Animal study finds that morning exercise improves metabolic response, while night exercise increases energy expenditure
03/09/2020 // Darnel Fernandez // Views

The circadian rhythm is your body's internal process that follows a daily cycle. This rhythm typically responds to light levels in an individual's environment, which helps regulate the sleep-wake cycle. Maintaining a consistent circadian rhythm is essential to overall health – chronic disruption of your regular sleep schedule can have adverse health consequences. Now, recent research has found new ways for circadian rhythm to affect your health.

A study published in the journal Cell Metabolism found that a healthy circadian rhythm and the time of day can make an impact on how aerobic exercises affect your metabolism. The study suggests that a morning exercise session can make it easier for muscle cells to metabolize sugar and fat, while an evening exercise session can give you an overall boost to metabolism for a longer duration of time.

“There appear to be rather significant differences between the effect of exercise performed in the morning and evening, and these differences are probably controlled by the body's circadian clock. Morning exercise initiates gene programs in the muscle cells, making them more effective and better capable of metabolizing sugar and fat. Evening exercise, on the other hand, increases whole-body energy expenditure for an extended period of time,” said Jonas Thue Treebak from the Novo Nordisk Foundation for Basic Metabolic Research.

Like night and day

Researchers from the University of Copenhagenin collaboration with the University of California Irvine – looked into understanding the impact of exercise performed at varying times of the day. To test their theories, Treebak and his colleagues had a group of rodents perform exercises at the start and at the end of the day. Afterward, they analyzed the effects of the exercise sessions on the rodents' muscle cells.


Using high-throughput transcriptomic and metabolomic approaches, the researchers identified very distinct responses of metabolic oscillations that characterize exercise performed in either day or night. Notably, the researchers discovered that a protein called hypoxia-inducible factor 1-alpha (HIF1-alfa), which is responsible for regulating the body's circadian clock, was involved in these mechanisms. The team explained that this particular protein is selectively activated when you exercise, depending on the time of day. This selective activation results in the usage of alternative energy resources, adaptation of energy expenditure and carbohydrate exhaustion. (Related: Fitness and your circadian rhythm: Is a late-night jog better than an early morning walk?)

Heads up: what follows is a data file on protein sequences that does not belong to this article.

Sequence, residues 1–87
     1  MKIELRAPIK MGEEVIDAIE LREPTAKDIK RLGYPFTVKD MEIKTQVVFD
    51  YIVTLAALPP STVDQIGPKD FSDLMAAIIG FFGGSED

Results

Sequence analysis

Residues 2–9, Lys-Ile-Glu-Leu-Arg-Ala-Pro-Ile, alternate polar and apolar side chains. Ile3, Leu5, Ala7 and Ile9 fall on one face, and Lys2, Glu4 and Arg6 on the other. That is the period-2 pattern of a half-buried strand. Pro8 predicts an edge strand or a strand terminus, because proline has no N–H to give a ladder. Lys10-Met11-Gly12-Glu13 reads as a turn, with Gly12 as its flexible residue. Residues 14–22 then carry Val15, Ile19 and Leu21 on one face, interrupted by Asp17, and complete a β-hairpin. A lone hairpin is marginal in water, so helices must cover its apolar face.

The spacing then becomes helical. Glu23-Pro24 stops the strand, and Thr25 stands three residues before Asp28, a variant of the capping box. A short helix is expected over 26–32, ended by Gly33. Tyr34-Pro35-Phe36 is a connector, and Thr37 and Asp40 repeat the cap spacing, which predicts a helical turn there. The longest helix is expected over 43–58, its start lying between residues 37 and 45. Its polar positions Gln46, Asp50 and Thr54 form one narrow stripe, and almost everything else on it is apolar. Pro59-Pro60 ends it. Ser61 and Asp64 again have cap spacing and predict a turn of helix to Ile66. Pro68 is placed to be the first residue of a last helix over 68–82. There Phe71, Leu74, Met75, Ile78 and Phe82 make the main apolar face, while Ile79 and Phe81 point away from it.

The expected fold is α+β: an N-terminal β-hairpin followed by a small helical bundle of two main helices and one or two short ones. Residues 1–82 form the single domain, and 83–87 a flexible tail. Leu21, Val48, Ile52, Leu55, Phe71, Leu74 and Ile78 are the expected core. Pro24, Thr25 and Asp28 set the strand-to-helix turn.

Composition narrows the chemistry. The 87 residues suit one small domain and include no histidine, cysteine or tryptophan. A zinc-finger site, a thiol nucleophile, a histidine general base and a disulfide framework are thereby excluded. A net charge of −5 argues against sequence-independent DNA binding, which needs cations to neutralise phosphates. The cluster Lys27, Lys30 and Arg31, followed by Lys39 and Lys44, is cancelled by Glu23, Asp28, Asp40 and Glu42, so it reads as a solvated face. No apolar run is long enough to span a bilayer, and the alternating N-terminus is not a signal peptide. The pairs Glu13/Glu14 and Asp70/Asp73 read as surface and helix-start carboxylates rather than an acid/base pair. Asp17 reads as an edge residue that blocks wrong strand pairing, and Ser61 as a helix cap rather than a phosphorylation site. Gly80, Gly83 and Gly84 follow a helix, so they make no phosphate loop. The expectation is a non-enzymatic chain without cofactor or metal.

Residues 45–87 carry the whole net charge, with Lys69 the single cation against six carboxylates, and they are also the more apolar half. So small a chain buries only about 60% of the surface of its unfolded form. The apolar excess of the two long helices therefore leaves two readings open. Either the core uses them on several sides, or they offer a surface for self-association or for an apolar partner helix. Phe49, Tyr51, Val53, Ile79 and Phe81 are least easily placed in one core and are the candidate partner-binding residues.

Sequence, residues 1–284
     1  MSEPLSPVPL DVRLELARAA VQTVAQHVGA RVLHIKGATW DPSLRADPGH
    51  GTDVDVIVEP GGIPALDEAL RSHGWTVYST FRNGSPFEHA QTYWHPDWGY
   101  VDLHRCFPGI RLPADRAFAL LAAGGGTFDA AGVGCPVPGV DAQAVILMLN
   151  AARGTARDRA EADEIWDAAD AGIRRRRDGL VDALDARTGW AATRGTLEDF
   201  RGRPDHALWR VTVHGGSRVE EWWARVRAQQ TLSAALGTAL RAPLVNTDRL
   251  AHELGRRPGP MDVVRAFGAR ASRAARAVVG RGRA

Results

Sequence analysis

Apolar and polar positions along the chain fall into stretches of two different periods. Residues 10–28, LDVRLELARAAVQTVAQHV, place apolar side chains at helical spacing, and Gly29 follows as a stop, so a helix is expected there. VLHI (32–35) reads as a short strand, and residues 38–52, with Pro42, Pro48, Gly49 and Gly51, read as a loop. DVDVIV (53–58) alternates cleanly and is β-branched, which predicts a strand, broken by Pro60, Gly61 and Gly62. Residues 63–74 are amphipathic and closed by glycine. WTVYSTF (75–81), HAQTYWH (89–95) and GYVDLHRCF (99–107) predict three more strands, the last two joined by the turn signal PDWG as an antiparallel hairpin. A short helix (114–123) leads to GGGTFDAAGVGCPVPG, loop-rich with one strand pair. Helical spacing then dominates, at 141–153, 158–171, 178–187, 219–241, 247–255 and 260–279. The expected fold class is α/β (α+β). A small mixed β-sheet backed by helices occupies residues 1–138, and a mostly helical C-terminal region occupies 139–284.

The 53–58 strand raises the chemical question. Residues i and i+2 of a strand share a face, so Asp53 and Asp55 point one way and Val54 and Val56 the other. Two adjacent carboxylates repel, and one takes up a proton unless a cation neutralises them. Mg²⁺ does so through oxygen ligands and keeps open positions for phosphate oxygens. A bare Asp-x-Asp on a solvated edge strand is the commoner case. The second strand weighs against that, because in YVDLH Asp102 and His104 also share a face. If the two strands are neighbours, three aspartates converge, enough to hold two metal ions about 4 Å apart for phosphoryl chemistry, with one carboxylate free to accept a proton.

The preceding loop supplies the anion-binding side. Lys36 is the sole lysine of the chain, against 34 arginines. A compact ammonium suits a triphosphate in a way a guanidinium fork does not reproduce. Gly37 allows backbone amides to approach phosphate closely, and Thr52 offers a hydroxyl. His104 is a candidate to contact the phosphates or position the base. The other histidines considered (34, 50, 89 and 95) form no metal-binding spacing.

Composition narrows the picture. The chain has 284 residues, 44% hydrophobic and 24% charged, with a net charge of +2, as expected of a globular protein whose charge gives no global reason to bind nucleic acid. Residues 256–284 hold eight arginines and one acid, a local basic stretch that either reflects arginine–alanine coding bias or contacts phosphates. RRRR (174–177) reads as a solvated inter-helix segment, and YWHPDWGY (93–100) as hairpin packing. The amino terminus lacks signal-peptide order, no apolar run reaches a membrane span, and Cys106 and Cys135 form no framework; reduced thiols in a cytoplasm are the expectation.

Their findings showed that exercising early in the morning can boost the muscle cells' ability to metabolize fat and sugars – a finding that may spark intrigue in researchers focusing on people with Type 2 diabetes and severe obesity.

On the other end of the spectrum, exercising in the evening can increase your body's energy expenditure in the hours after a good, long workout. This means that the researchers cannot confidently conclude that doing exercise in the morning is significantly better than doing it in the evening.

“On this basis we cannot say for certain which is best, exercise in the morning or exercise in the evening. At this point, we can only conclude that the effects of the two appear to differ, and we certainly have to do more work to determine the potential mechanisms for the beneficial effects of exercise training performed at these two time-points. We are eager to extend these studies to humans to identify if timed exercise can be used as a treatment strategy for people with metabolic diseases,” Treebak explains.

Whether you decide to go out for a morning jog or save that for a later part of the day, exercise can ultimately provide plenty of health benefits if performed on a regular basis. has everything you need to know about the health benefits of working out and other natural means of improving your overall health.

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